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Wednesday, May 13, 2020
To What Extent Does Your State Rely on Individual Income Taxes?
By Tax Foundation @ 8:56 PM :: 2396 Views :: Hawaii Statistics, Taxes

To What Extent Does Your State Rely on Individual Income Taxes?

by Janelle Cammenga, Tax Foundation, May 13, 2020

Sources of state revenue have come under closer scrutiny in light of the impact of the coronavirus outbreak, as different tax types have differing volatility and economic impact—although even beyond these unique circumstances, it is important for policymakers to understand the trade-offs associated with different sources of tax revenue. This week’s map looks at what percentage of each state’s state and local tax collections is attributable to the individual income tax.

State and localities rely heavily on the individual income tax, which comprised 23.3 percent of total U.S. state and local tax collections in fiscal year 2017, the latest year of data available. The individual income tax ranks just below the general sales tax (23.6 percent), both behind property taxes (31.9 percent) as the largest category of state and local revenue sources (See Facts & Figures Table 8).

2020 state individual income tax reliance 2020 state income tax reliance

Of all the states, Oregon and Maryland rely most heavily on individual income taxes, which account for 42.7 percent and 37.9 percent of their total state and local tax collections respectively. Both are among the 17 states where localities also levy income taxes. Oregon has chosen not to collect sales taxes, a decision which contributes to that state’s heavy reliance on the individual income tax.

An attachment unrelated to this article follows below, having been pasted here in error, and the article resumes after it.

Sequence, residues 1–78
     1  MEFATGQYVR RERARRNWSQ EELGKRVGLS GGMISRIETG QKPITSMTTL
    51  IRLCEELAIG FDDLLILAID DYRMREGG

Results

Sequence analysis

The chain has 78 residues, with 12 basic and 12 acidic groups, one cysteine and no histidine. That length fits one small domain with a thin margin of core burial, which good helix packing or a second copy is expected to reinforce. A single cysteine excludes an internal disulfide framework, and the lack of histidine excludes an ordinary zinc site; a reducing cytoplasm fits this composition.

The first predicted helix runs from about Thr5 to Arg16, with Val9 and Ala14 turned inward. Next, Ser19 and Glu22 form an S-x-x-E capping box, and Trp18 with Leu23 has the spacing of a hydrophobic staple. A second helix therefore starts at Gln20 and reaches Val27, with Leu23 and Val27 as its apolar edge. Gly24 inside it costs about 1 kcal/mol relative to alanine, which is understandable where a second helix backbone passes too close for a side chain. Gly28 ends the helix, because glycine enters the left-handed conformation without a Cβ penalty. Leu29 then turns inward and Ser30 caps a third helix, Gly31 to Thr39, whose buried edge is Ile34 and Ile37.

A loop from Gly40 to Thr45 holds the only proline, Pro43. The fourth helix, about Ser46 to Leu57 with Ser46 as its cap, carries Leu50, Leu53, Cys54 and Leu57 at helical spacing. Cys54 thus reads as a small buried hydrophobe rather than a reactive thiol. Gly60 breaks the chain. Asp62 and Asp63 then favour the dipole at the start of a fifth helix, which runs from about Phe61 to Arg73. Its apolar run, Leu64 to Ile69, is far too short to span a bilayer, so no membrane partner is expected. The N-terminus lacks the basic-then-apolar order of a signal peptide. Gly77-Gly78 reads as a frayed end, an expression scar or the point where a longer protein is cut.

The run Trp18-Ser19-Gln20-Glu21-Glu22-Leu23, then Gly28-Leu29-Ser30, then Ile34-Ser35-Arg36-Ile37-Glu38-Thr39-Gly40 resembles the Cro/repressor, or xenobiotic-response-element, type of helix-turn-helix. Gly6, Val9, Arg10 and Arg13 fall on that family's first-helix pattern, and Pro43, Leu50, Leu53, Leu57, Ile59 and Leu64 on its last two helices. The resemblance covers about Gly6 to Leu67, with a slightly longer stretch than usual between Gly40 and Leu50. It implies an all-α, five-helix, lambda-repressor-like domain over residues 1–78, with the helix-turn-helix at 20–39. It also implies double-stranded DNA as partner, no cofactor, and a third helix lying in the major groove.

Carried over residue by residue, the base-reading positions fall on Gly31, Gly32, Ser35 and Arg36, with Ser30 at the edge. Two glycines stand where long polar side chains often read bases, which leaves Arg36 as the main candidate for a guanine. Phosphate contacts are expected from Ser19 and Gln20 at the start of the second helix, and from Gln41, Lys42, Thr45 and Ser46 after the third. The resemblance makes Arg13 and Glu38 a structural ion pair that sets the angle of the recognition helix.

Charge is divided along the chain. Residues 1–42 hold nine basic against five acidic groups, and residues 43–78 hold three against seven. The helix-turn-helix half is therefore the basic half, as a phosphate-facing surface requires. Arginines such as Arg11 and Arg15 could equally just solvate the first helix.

While the individual income tax tends to be a major revenue source for state and local governments, some states rely on it very little, and some not at all. Seven states (Alaska, Florida, Nevada, South Dakota, Texas, Washington, and Wyoming) do not collect individual income taxes, while two states (New Hampshire and Tennessee) collect taxes on dividend and interest income but not wage income. Tennessee’s tax on investment income—known as the “Hall tax”—is in the process of being phased out and will be fully repealed next year, which will leave the state with no individual income tax.

It comes as no surprise that New Hampshire and Tennessee raise the least amount of revenue from the individual income tax, 1.0 and 1.1 percent respectively. In North Dakota and Arizona, the next lowest states, the individual income tax generates 6.3 percent and 14.1 percent of their total tax collections respectively.

While the current outbreak differs from other economic crises in that social distancing restrictions and the nature of pandemics have caused consumption to drop dramatically, it is generally true that income taxes are more volatile than consumption taxes in an economic downturn, as income itself tends to fluctuate more than consumption. In addition, states’ mirroring of the federal government by delaying income tax deadlines means that income tax collections will temporarily be much lower than in years past.

Volatility is not the only factor to consider. As we’ve pointed out in the past, a state’s combination of tax sources has implications for its revenue stability and economic growth. Income taxes tend to be more harmful to economic growth than consumption taxes and property taxes. Income taxes fall on labor and savings, while consumption taxes, like the sales tax, fall on what people spend instead of what they earn. As a result, income taxes tend to be less neutral than sales taxes.

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